By Emily Goddard

Gay rights campaigners have said they will target Olympics sponsors at Sochi 2014 ©Getty ImagesDecember 2 - Gay rights campaigners have said they will recruit athletes set to compete at Sochi 2014 and target Olympics sponsors as they continue to campaign against next year's Winter Games in light of Russia's law banning homosexual "propaganda".

Athlete Ally says it will target the International Olympic Committee (IOC) worldwide partners, including Coca-Cola, Panasonic, McDonald's and Dow, for continuing to support Sochi 2014 despite the controversial anti-gay bill, signed by Russia's President Vladimir Putin in June.

Coca-Cola, which was targeted in October by gay rights group All Out when it hired trucks to circle the company's Atlanta headquarters with billboards urging it to call on Russia to revoke the law, has already insisted that it will not withdraw its sponsorship to "avoid undermining gay athletes who've spent years preparing for the competition".

"A more positive impact can be made through continued involvement, rather than by sitting on the sidelines," a spokesperson for the firm, Anne Moore, told Bloomberg.

Omega, meanwhile, said it would be "inappropriate for us to take any position that could have even the appearance of partisanship".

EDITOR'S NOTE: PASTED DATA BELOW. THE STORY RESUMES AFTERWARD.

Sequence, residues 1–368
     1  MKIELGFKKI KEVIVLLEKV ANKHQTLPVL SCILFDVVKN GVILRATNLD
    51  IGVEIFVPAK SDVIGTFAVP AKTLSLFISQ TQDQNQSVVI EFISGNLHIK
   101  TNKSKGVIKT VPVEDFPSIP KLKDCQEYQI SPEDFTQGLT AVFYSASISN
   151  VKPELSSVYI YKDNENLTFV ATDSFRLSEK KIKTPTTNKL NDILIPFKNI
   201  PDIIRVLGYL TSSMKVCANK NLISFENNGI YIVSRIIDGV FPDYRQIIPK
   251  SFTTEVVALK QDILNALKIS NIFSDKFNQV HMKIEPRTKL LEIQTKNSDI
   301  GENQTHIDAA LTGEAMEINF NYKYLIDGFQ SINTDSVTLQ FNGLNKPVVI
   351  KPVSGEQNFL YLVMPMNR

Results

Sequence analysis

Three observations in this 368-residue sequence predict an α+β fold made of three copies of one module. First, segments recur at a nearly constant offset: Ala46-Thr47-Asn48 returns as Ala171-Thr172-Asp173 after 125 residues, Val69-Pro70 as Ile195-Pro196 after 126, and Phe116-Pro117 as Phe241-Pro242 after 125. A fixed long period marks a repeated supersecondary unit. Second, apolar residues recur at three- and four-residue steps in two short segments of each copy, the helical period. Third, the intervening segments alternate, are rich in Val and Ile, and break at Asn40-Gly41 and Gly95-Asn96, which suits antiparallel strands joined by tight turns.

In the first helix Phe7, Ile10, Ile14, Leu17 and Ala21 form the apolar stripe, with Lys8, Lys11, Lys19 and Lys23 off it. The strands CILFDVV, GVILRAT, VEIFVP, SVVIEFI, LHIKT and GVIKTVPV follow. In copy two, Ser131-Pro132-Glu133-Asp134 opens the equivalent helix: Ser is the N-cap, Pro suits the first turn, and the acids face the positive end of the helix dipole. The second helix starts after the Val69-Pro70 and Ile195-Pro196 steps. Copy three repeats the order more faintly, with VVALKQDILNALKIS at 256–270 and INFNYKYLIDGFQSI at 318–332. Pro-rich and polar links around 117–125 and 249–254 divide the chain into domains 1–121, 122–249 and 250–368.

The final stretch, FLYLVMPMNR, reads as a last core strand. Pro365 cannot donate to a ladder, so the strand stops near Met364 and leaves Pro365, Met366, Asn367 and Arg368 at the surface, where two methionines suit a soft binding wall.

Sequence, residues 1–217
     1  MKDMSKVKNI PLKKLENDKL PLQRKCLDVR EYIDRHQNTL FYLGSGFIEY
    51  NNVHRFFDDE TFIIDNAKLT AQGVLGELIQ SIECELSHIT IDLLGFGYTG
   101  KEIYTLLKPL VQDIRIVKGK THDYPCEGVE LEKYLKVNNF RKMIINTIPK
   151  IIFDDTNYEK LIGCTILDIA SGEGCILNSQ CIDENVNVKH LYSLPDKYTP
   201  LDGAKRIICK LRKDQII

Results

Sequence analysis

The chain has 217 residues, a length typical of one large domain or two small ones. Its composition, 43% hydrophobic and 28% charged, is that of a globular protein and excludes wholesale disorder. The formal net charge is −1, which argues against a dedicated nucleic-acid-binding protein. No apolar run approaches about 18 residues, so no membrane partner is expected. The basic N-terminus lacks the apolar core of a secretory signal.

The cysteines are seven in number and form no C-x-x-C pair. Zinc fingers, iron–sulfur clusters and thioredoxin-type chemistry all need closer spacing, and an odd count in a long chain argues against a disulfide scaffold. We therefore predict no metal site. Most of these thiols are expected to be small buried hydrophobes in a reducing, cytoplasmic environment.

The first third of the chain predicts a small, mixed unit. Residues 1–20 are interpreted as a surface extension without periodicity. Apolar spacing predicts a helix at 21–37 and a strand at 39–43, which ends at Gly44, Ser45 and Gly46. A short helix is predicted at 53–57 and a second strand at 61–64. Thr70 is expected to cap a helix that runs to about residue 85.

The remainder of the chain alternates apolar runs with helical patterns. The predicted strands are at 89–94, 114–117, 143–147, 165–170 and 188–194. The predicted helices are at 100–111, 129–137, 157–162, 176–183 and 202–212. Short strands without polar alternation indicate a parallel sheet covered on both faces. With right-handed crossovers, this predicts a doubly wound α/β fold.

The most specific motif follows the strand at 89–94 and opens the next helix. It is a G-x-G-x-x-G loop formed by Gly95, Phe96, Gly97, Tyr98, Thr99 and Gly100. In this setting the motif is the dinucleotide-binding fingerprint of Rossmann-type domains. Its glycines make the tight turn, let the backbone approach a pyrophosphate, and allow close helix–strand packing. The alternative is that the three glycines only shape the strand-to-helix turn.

IOC Marketing Commission chairman Gerhard Heiberg spoke in September of how he was being "pushed" by several sponsors over concerns of protests during the Olympics and warned of the potential negative impact.

"I think this could ruin a lot for all of us," he said at the IOC Session in Buenos Aires.

"We have to be prepared."

Athlete Ally claims it is in talks with a number of athletes, including Mike Janyk, about wearing "Principle 6" clothing during Sochi 2014 ©Getty ImagesAthlete Ally claims it is in talks with a number of athletes, including Mike Janyk, about wearing "Principle 6" clothing during Sochi 2014 ©Getty Images

Athlete Ally also claims it is in talks with a number of athletes, including Australian snowboarder Belle Brockhoff and Canadian alpine skier Mike Janyk, about wearing "Principle 6" - the element of the Olympic Charter that bans all forms of discrimination - clothing at the Games to show their disdain for the legislation.

Brockhoff, who earlier this year revealed she is a lesbian, said she wants to "compete as myself so that people see I am me", but admitted she is seeking legal advice before committing to wearing the Principle 6 clothing.

"There is a tremendous opportunity because the world is going to be watching [at Sochi 2014]," Athlete Ally founder and executive director Hudson Taylor said, before adding that the sponsors will have "no choice" but to respond.

Russia's Sports Minister Vitaly Mutko admitted last month that it might have been better to introduce the contentious anti-gay propaganda law after Sochi 2014

Contact the writer of this story at [email protected]

Related stories
November 2013: Historic meeting with IOC President "of crucial importance for truly inclusive sport", says Gay Games official
November 2013: Russia should have waited until after Sochi 2014 to introduce anti-gay law, admits Sports Minister
October 2013: Pride House International turns to National Olympic Committees for support during Sochi 2014
October 2013: Everyone welcome at Sochi 2014 regardless of "ethnicity, race or sexual orientation" Putin promises Bach
September 2013: Cher refuses to perform at Sochi 2014 as stars backlash over Russian anti-gay law